I would think that this is the ultimate machine for heating water from waste, rubbish, wood chips, some wet timber, etc. the hot water, - low pressure, could be easily directed through ‘eg’ an old car radiator, to the input air flow of a wood dryer, - possibly needing  a small computer fan to achieve the necessary throughput, - but possibly not required.

Interestingly this ‘chip heater’ was toward the end of it’s time a project often given to newly educated Plumbers to achieve their final exam, - so no great machinery involved.

I would think still a vibrant possibility to any third world villages without cheap electricity.

I have one, - of course, I used it when living in the rainforest in Kuranda, - heat up 3 buckets of good hot water, - pour over oneself, - wet, wash, rinse, - no electricity required.

Interestingly, I tried to use mine to kill weeds with hot water, unfortunately not really hot enough, but, in reference to Stephen Joseph’s comment on mixing in plastic, by feeding in that white polystyrene packing foam, got it up to boiling temperature at reasonable volume but could not with wood chips.

Whatever, an exotic fuel, and probably becoming a lot less available, but the chip heater, the omnivorous burner, seems an excellent water heater for a drying kiln, - and you can have a good hot bath from it as well!

Hope the two pdf’s come through OK, please feel free to contact me on wind@... for me to send them direct as an attachment.
Note the first rave was the old size, - high enough to go into a bath, - the later smaller one to fit into Australia Post, - could have been very good for camping also, - very little feed back, most people happy, - one couple not happy, too small, would not sell it back for cost price or even more, so it was still worth more to them than the money, - people are funny..

Cheers,
Geoff Thomas 





On 11 Jan 2021, at 6:20 am, Kobus Venter <kobus@...> wrote:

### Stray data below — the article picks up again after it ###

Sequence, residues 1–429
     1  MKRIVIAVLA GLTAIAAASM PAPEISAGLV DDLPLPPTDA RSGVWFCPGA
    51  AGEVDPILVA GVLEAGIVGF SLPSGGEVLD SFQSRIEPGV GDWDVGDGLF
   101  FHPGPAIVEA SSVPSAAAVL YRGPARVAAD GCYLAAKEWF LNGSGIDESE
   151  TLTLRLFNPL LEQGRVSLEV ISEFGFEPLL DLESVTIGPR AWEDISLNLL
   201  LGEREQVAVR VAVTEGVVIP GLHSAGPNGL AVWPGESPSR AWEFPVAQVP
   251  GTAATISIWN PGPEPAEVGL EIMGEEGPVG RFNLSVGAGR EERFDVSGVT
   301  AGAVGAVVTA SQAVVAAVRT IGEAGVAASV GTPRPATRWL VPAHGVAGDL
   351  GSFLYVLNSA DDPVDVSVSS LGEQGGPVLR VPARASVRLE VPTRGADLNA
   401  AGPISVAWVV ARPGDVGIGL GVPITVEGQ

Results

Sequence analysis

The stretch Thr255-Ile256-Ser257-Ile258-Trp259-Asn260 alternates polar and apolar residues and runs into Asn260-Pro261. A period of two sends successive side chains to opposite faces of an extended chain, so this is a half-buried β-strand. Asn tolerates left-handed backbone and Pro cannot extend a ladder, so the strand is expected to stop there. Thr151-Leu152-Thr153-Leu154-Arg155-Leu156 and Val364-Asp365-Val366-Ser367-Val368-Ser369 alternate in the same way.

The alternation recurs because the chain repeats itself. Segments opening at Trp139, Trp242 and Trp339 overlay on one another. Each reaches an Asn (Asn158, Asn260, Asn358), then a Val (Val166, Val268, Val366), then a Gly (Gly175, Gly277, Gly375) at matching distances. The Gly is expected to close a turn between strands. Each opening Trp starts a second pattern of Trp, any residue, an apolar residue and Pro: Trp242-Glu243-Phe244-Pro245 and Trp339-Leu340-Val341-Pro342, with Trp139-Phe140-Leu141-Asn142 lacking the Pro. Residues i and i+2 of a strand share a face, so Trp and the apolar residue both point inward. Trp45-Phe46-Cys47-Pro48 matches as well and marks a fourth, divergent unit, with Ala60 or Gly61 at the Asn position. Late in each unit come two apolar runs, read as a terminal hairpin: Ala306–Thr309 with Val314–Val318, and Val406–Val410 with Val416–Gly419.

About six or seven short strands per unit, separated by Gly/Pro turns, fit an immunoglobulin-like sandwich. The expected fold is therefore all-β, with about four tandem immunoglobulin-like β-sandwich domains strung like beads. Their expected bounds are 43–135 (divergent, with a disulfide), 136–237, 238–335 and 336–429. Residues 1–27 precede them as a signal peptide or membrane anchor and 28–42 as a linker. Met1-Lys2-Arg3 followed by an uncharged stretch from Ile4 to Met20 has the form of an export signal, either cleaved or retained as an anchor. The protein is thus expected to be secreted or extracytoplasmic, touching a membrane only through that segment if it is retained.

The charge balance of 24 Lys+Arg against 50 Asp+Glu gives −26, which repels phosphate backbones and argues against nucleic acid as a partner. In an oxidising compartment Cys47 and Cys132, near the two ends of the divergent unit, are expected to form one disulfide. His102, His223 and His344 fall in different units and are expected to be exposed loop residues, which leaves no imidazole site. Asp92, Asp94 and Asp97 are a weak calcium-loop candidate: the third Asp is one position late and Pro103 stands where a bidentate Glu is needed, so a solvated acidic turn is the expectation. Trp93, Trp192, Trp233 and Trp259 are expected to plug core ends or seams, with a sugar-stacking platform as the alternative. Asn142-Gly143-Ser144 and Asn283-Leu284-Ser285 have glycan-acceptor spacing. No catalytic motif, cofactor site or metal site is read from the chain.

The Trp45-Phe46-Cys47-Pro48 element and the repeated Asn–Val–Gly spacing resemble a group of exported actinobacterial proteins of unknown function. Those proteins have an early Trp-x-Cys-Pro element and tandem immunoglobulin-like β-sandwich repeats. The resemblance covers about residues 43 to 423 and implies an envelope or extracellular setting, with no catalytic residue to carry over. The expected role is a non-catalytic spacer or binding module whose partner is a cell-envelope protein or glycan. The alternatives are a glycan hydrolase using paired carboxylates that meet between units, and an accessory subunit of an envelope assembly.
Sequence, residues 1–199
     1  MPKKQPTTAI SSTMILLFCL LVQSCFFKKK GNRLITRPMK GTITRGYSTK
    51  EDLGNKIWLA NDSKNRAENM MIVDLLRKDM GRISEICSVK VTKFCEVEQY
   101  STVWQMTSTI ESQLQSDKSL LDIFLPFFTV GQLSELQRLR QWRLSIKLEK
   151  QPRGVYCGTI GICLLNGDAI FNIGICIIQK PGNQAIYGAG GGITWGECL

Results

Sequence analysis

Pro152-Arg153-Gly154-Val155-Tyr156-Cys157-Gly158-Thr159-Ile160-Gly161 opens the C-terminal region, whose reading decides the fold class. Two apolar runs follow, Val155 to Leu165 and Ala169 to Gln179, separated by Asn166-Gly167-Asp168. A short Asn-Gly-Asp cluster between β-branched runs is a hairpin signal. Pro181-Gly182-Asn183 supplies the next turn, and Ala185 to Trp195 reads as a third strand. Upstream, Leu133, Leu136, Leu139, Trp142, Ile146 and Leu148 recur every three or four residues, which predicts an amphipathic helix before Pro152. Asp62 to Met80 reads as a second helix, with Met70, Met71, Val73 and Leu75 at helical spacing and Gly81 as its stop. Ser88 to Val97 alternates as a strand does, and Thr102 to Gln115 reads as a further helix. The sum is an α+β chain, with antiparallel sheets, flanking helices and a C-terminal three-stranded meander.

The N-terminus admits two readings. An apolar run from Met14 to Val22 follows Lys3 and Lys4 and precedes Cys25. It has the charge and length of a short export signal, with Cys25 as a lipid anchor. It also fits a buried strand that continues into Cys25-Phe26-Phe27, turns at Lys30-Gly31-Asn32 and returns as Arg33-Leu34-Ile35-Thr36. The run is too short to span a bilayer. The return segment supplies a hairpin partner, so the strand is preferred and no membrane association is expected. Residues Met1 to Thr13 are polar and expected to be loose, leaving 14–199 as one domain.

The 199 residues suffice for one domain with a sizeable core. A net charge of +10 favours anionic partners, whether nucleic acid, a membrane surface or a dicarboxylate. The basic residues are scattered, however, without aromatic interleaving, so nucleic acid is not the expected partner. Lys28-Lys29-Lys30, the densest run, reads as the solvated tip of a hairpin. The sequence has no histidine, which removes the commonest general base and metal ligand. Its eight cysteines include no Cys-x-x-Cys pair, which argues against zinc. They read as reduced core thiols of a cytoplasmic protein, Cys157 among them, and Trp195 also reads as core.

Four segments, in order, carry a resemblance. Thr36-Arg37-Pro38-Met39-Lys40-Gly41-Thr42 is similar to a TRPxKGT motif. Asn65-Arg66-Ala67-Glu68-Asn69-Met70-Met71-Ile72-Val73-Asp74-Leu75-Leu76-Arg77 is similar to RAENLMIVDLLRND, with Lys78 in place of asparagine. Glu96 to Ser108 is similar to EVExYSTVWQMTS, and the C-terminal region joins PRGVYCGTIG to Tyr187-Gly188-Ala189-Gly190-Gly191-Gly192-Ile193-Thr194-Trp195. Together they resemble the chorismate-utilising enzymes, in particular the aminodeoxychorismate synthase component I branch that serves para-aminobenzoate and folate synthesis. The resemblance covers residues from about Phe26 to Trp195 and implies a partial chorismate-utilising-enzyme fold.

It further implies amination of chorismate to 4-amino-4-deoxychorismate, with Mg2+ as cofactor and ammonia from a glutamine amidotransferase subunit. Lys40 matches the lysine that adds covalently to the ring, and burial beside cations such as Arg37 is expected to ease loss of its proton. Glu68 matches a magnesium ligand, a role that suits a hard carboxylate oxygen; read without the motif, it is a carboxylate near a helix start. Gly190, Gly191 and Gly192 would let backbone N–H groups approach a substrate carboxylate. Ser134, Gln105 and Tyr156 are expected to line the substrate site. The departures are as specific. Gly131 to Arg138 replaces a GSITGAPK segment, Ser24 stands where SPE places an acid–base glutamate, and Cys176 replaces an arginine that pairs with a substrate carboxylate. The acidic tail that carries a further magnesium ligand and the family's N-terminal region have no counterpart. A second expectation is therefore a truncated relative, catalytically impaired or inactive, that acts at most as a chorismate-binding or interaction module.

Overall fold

At the end of the famous Bob Wells demo there's a small clip of them using a rocket stove to heat a retort, with the evolved pyrolysis gases - I am guessing ignited by the rocket - to heat a pot. They used a stainless beer keg. Perhaps Bob can explain more, but the advantage of a rocket stove providing the heat from low quality feeder wood is plain to see:   https://youtu.be/svNg5w7WY0k?t=2241

Wbr

Kobus



On Wed, Jan 6, 2021 at 6:28 AM Norm Baker <ntbakerphd@...> wrote:
Francesco;

The MC of the feedstock was at 12%. Ambient RH was at 99%.

Norm




-- 








Virus-free. www.avg.com




-- 






Re: Rocket stove design for retort heating #rocketstove #retort

Geoff Thomas
 

Hi Jonno, the chip heater produces no charcoal, only heated water.

Sorry not good at drawing, perhaps others on line have a drawing?

Had all that stuff, it doesn’t seem to make it through upgrades etc.

Cheers,
Geoff

On 11 Jan 2021, at 5:55 pm, Jonno <jman97216@...> wrote:

Geoff, the PDFs are interesting, but could you send us a cutaway/sectional drawing, or two, please? I'd really like a way to cleanly make heat/hot water with wood gasses while leaving the char to sequester in my garden.

Thanx!
Jonno
Oregon (there's only one, right?)

Virus-free. www.avg.com

On Sun, Jan 10, 2021 at 9:52 PM Geoff Thomas <wind@...> wrote:
Hi, Kobus and all, this  thread developed around a small user wanting to use wet wood, - True?

The use of a rocket stove was suggested ? and other ideas. 

My take is that the rocket stove is argued to be more efficient to use the second class wood to dry his timber? 

I suggested adding Solar Thermal cheap input air heater, but that was not acceptable to the original enquiree, - fine.

Still throughout this thread is the need to dry the wet wood, although the Rocket stove produces (no/liitle?-) charcoal?

So I thought about an ancient  wood heating stove invented in Australia/NewZealand/Both, - (let’s not encourage WW111 by taking one side or the other of these two great religions..)
over 100 years ago, - the "Da!Dah”  Chip heater. (I have mentioned this item before on earlier threads).